When I wrote Linda McCullough Moore a fan email after reading her story "On My Way Now" in the April, 2014 issue of The Sun Magazine she described herself as "deeply Christian". I asked her in a follow-up email what she meant by this. Now having read her book, The Book Of Not So Common Prayer, I understand much more clearly what she meant.
Linda McCullough Moore is not a "cultural Christian". She is a real one and lives the life bringing herself to prayer 4 times per day for 20 minutes, a practice she spends a 160 page book explaining. She explains her prayer life and what she wants it to be in every day language with wit, humbleness, and clarity that made me admire her and maybe want to emulate her practice. I see prayer a little differently than she does, her approach being more traditionally Christian, and I, a former Roman Catholic and now a Unitarian Universalist, more eclectic perhaps, and based on Aldous Huxley's Perennial Philosophy, the writings of the Stoics, the meditative practices of Osho, and the prayer practices recommended in the workbook of A Course In Miracles.
I don't imagine God as an "other person" who I talk to like an imaginary friend, but rather as an experience of Love's presence getting into a flow state of becoming one with everything as the state of bliss pursued by meditation. I told Linda in an email, I think of God as a verb, the ultimate force of the universe, the unified Godhead, and taking 20 minutes 4 times a day to connect to this wellspring does change one's sense of oneself and the world, no question about it.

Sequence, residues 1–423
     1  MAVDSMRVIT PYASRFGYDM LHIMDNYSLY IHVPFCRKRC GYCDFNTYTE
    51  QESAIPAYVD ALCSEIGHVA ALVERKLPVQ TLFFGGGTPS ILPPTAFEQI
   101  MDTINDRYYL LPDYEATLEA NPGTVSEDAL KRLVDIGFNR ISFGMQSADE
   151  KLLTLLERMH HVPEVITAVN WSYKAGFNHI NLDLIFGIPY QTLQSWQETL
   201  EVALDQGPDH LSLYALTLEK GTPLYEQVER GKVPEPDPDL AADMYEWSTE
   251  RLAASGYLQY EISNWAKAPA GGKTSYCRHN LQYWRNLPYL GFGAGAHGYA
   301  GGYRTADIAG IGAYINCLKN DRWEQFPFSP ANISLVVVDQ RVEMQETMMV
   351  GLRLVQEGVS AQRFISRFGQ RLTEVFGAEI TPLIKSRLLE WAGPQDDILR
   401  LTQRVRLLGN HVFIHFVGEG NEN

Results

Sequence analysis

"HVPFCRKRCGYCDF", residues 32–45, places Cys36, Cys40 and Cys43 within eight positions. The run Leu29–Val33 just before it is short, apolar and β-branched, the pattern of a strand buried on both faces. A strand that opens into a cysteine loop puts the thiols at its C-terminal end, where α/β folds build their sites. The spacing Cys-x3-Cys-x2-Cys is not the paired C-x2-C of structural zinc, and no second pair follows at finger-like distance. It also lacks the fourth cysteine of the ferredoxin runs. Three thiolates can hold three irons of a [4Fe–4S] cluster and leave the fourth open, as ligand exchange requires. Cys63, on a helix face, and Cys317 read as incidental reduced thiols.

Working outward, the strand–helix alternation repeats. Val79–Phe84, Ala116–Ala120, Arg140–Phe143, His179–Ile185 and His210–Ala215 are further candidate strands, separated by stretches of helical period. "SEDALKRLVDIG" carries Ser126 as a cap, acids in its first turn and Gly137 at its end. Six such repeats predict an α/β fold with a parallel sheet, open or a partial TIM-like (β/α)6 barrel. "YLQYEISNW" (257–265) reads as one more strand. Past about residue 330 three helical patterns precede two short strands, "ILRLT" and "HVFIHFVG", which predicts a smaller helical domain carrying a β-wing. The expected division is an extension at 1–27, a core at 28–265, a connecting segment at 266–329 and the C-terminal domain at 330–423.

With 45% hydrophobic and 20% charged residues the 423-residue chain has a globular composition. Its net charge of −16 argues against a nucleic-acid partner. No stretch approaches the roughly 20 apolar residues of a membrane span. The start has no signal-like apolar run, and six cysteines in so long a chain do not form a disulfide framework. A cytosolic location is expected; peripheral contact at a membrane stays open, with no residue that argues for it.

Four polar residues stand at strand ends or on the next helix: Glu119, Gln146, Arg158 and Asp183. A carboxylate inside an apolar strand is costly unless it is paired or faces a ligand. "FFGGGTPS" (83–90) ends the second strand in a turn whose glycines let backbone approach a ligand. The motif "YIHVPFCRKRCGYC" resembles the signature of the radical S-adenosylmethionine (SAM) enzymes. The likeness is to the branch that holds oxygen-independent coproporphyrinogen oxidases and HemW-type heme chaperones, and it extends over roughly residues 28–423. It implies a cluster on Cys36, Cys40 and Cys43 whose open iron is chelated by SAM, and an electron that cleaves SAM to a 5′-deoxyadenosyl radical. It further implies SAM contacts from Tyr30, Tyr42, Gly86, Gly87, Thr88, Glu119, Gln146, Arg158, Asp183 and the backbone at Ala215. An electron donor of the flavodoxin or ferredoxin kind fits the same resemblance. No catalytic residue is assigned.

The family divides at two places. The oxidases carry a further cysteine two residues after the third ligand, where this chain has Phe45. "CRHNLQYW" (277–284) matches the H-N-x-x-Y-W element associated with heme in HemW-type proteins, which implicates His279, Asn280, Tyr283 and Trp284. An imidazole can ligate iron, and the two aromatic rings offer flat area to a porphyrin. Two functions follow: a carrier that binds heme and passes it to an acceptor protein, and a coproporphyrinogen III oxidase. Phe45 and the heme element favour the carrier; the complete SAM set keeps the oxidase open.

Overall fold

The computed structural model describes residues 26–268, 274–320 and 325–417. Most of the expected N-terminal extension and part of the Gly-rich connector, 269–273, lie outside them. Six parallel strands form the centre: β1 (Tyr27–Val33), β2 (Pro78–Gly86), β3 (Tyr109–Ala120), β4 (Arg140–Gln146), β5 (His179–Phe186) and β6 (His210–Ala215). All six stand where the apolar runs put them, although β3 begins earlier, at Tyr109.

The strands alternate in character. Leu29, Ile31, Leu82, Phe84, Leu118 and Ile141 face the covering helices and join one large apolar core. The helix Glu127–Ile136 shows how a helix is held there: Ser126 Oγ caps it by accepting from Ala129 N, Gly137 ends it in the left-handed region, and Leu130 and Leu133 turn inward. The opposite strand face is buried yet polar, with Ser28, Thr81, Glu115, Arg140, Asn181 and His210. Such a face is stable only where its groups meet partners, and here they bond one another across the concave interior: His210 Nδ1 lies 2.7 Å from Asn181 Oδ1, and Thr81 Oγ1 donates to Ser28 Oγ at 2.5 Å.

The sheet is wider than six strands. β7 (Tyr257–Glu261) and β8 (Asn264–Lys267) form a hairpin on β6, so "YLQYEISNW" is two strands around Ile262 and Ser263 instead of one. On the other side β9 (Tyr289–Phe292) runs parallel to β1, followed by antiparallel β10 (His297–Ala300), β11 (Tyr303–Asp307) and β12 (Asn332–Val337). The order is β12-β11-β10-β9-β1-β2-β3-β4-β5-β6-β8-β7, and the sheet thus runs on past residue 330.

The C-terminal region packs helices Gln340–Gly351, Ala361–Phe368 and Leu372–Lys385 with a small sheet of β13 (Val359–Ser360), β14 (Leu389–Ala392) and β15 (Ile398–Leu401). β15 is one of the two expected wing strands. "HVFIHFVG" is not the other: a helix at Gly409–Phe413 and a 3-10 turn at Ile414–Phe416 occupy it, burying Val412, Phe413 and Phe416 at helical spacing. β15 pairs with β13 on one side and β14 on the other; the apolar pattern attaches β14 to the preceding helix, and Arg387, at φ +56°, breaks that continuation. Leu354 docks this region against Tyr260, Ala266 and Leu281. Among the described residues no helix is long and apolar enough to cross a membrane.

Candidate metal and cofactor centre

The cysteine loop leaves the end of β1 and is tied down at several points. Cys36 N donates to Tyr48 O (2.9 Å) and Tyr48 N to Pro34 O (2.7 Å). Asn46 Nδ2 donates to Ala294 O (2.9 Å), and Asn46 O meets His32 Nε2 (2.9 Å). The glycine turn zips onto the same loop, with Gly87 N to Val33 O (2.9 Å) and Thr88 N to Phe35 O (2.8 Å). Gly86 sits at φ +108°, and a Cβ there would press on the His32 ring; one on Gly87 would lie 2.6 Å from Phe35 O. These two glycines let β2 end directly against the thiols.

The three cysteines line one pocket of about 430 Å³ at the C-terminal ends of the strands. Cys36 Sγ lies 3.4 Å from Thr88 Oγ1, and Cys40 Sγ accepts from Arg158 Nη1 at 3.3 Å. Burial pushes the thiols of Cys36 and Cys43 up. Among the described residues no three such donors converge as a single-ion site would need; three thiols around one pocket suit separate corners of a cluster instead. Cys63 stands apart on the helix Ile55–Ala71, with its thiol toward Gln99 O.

I have great respect and gratitude of Linda's sincerity, genuineness, and candor in discussing what for most people is a very intimate and rarely described experience: praying. With the encouragement of Linda's book, I am going to work at my prayer life more seriously, regularly, and enthusiastically. For that, The Book Of Not So Common Prayer, is a great blessing.